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IDF bolsters northern defense amid Hezbollah threat

In Lebanon, convoy fires in the air near Israel’s northern border, prompting flurry of army activity

IDF soldiers in northern Israel on January 19, 2015 (photo credit: Basal Awidat/Flash90)
IDF soldiers in northern Israel on January 19, 2015 (photo credit: Basal Awidat/Flash90)

Northern Israel was on high alert on Tuesday evening in anticipation of a Hezbollah retaliation for a deadly airstrike on Sunday, with the army closing off highways on the border with Lebanon and bolstering its forces.

Earlier, across the border, Lebanese men in a convoy of cars bearing Hezbollah flags fired in the air, prompting IDF troops stationed nearby to mobilize in expectation of a possible attack, Channel 2 reported. The vehicles drove away shortly after, avoiding a confrontation.

The convoy was returning from the funeral of one of the Hezbollah members killed in Sunday’s airstrike. Six Hezbollah members, including Jihad Mughniyeh, the son of the late Hezbollah military commander Imad Mughniyeh, died in the helicopter strike. Six other Iranian nationals, one of them a general, were killed as well.

Israel has refused to acknowledge it carried out the attack.

On Tuesday, an Israeli source told Reuters the strike did not intend to target Iranian Revolutionary Guards General Mohammed Allahdadi, but official sources later distanced themselves from these remarks.

Hezbollah has accused Israel of carrying out Sunday’s airstrike, which occurred on the Syrian side of the Golan Heights. Israel, which is believed to be behind a number of airstrikes in Syria in recent years, has neither confirmed nor denied involvement.

According to defense officials, the army beefed up its air defenses and increased surveillance along its northern frontier as it went on high alert.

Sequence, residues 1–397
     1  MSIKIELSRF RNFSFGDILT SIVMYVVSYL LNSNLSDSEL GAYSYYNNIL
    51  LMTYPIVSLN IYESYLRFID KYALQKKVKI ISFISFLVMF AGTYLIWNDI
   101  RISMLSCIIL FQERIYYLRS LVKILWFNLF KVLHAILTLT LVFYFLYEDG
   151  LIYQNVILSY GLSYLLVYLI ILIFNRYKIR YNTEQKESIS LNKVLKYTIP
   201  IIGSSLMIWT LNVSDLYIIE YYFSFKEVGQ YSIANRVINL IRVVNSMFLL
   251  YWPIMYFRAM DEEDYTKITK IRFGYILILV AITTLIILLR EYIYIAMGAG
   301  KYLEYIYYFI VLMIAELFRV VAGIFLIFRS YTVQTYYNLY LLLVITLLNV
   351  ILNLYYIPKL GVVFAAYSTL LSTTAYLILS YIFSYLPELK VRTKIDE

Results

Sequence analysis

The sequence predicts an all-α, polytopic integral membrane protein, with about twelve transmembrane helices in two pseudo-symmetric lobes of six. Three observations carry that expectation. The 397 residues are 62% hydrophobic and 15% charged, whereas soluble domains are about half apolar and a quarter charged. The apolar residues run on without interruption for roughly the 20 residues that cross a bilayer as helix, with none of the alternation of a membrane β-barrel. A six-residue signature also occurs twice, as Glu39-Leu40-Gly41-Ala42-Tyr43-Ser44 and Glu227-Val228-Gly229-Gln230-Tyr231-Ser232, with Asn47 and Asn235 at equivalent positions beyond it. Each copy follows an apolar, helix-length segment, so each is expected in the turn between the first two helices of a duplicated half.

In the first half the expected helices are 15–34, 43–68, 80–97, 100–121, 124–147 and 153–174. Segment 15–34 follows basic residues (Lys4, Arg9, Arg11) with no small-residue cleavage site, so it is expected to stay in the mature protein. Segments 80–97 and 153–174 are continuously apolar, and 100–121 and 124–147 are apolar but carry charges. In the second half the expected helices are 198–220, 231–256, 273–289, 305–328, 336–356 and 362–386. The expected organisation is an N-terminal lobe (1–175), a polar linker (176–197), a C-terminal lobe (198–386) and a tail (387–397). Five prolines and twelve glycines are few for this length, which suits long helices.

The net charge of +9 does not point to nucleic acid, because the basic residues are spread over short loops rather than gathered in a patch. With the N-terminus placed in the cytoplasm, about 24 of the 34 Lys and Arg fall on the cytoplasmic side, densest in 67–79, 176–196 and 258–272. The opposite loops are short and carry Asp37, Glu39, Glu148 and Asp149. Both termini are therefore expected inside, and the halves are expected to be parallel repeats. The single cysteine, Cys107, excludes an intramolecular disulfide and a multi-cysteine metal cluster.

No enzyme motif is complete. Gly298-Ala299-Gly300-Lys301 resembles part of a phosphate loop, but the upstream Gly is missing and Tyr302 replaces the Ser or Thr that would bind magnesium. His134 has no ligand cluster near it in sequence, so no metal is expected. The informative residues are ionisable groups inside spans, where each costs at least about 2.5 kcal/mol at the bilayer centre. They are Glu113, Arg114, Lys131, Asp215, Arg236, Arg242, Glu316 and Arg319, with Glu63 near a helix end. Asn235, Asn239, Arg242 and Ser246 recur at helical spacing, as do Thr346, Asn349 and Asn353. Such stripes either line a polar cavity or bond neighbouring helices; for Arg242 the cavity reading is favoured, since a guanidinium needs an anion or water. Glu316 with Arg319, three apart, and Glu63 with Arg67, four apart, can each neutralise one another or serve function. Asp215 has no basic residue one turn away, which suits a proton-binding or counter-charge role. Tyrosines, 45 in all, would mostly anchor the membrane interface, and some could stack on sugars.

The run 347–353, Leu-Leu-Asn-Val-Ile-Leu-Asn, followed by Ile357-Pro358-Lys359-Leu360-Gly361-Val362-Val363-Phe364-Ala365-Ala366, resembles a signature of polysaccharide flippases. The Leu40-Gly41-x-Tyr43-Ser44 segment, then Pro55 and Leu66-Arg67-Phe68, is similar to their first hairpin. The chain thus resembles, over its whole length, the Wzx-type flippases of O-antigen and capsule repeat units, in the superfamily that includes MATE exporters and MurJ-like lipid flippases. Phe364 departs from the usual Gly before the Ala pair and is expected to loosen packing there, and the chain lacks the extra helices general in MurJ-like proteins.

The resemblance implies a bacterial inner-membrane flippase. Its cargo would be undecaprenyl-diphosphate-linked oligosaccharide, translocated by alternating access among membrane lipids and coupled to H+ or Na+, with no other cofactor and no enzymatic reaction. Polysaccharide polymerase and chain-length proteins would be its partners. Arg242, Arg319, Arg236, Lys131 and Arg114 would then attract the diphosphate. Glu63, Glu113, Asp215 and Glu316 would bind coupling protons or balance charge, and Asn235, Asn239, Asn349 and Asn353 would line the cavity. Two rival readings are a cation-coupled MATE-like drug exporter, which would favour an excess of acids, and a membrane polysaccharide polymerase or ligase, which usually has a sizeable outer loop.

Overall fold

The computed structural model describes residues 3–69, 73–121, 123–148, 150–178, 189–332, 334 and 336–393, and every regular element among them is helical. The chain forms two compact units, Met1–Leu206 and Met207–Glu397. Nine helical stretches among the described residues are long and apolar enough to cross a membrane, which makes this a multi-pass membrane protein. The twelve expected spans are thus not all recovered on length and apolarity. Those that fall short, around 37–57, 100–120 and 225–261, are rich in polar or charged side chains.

Hezbollah-affiliated Lebanese television station Al-Manar said that Israeli Air Force jets were overflying southern Lebanon on Tuesday night.

Israeli officials said Iron Dome missile defense batteries have been deployed near the Syrian and Lebanese borders as a precautionary measure.

Israel’s security cabinet met for several hours on Tuesday to discuss a possible escalation in violence.

Despite the heightened alert, residents of the border towns were not given special instructions, but a section of the border highway from Avivim to Dovev was closed to civilian vehicles until further notice.

In south Lebanon, thousands of Hezbollah supporters on Tuesday swarmed around the yellow-draped coffin of Mohammad Issa, a Hezbollah commander who died in the airstrike. Issa was the highest-ranking among the group, and was among the group’s most senior commanders overseeing its operations in Syria.

Around 10,000 supporters took part in his funeral in the southern Lebanese village of Arab Salim. Mourners fired in the air and shouted anti-Israel slogans.

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